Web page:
This column was published in the NT Sun on December 18 2018. It was publish3ed under the title ‘Students feeling the pressure’.


Thursday December 12 marked the end of the 2018 school year for those in urban schools. Remote schools closing their doors the following day.

Schools acknowledged students who have done well during the year. Presentation assemblies have been held, giving peers, staff, parents and community a chance to recognise and celebrate student success. Recognising students with certificates together with monetary or book awards has been part of many celebrations.

These ceremonies as endpoints to the academic year, leave students feeling satisfied and fulfilled. They can also encourage those, who with greater effort, could also have been recognised and rewarded.

There is no better way of ending a long school year than by celebrating the efforts and successes of students. We are often quick to point out what children and students should do to improve performance or attitude. We need to be equally as forthcoming in offering recognition and praise.

Pressures are increasingly on schools to perform. Everything seems to focus on data driven outcomes. Teachers and students are pointed in the direction of achieving more and more in terms of key academic results. Increasing amounts of content have to be shoe-horned into every school day. So much is demanded, that students of all ages often go home thoroughly fatigued by the end of each school day.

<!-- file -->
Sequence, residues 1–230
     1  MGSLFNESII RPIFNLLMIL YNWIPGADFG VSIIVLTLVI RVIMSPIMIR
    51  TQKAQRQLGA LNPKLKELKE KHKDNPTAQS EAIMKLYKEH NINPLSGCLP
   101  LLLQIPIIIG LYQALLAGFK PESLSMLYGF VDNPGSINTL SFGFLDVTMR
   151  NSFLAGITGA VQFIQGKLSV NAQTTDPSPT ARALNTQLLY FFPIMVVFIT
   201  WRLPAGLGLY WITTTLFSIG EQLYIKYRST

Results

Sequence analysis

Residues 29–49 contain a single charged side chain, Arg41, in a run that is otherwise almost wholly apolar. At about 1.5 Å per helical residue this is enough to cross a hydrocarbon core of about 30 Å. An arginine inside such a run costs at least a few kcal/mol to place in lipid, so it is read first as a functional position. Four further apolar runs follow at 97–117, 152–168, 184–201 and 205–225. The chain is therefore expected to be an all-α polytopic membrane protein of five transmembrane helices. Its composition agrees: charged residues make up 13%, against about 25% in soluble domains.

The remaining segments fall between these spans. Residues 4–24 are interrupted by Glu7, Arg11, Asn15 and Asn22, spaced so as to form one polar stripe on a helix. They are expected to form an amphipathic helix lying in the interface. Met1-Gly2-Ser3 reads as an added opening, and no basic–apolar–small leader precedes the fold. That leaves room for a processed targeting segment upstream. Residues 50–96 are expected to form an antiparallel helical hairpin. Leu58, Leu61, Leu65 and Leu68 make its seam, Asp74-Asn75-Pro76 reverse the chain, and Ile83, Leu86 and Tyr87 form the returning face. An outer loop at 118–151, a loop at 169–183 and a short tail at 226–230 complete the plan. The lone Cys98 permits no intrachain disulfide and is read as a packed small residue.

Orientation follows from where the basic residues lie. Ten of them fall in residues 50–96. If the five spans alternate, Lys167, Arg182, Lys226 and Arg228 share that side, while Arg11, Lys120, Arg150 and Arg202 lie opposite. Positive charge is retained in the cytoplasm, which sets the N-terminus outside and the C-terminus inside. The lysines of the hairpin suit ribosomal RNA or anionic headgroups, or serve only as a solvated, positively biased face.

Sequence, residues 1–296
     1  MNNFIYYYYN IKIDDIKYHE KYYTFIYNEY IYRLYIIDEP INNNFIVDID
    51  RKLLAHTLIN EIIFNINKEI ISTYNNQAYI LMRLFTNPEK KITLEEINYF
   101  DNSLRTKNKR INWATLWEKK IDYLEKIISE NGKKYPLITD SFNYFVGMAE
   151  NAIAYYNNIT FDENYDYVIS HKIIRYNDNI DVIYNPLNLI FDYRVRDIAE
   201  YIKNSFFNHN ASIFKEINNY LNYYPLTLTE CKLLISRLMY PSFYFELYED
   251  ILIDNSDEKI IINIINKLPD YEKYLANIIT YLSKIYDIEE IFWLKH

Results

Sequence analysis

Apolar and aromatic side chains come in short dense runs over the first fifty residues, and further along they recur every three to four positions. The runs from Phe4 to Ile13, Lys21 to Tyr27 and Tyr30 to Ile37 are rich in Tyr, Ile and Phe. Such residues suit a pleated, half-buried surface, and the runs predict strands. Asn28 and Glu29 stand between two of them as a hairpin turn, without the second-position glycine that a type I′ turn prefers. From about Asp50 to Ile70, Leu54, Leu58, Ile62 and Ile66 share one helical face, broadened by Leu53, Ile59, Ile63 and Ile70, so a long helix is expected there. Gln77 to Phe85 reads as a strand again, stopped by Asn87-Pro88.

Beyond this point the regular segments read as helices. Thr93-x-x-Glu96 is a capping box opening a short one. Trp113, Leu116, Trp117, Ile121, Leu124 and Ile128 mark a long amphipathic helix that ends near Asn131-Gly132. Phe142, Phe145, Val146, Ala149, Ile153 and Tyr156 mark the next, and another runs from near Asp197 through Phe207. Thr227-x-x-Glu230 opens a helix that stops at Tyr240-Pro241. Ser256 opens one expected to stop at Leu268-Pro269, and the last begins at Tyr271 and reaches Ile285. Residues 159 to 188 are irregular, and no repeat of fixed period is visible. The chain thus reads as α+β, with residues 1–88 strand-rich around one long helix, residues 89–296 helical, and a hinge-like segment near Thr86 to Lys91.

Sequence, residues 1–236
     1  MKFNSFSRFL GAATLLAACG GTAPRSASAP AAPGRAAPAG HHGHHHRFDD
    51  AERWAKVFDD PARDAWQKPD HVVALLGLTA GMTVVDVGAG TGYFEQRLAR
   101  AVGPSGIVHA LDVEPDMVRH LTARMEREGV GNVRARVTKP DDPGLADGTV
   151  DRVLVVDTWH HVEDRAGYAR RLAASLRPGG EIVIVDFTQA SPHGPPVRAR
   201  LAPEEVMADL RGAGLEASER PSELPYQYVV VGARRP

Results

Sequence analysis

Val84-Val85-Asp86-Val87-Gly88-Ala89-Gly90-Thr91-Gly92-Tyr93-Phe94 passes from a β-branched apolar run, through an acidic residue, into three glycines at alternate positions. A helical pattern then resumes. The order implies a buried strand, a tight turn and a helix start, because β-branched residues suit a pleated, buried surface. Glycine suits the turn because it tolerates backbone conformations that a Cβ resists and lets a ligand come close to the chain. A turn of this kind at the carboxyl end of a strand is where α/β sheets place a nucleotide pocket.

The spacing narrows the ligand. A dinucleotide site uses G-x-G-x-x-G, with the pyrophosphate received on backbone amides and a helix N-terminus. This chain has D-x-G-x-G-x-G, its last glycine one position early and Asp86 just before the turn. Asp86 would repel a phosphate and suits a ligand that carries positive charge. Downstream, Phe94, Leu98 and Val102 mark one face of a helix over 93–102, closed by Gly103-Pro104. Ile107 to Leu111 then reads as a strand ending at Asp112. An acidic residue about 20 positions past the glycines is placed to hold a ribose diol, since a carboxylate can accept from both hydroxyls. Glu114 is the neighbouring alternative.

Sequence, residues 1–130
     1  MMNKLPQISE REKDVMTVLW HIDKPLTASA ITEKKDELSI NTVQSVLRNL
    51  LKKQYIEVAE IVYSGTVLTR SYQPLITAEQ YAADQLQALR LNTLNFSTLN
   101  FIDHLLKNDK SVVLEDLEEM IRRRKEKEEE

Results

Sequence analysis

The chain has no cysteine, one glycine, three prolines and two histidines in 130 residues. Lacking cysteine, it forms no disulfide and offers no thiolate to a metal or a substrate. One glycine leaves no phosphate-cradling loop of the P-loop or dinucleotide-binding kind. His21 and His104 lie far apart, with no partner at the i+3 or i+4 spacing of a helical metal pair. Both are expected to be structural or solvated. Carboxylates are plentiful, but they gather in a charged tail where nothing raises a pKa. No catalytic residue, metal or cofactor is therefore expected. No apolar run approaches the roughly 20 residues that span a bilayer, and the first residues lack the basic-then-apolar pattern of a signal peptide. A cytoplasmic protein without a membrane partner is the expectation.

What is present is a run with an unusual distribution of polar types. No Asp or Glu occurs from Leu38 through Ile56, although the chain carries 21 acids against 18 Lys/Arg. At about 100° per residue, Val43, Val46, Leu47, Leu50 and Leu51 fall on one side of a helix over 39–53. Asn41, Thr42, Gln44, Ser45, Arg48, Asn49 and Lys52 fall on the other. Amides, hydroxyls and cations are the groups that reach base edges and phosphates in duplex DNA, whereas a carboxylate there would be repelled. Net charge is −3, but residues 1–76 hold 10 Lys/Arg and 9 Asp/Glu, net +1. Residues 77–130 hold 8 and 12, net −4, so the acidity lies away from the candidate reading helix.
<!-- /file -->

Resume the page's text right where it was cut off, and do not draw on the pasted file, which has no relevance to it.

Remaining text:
Both primary and secondary students need the respite offered by the six weeks of Christmas and New Year holidays.

The school day is only part of teacher commitment to education. Planning, preparation, marking, assessments, recording and report writing are obligations that take place beyond the classroom. To this must be added an increasing plethora of meetings covering everything from school action plans to personal performance management. Downtime at Christmas is sorely needed by all classroom teachers.

While the school year is out for students, the same opportunity to relax is not being afforded to many school principals and leadership teams. A great deal of what the system requires of them, is worked on and completed during school holiday periods.

Chief among these items will be the preparation of school annual reports, due to be completed by 31 March next year. These documents are intricate and detailed, requiring specific data that reflects upon the 2018 school year. They cover student progress, staff development, community relations and capital works completed or anticipated. Minutely detailed financial accountability is included.

All the very best to students, teachers and school support staff for a great holiday break.

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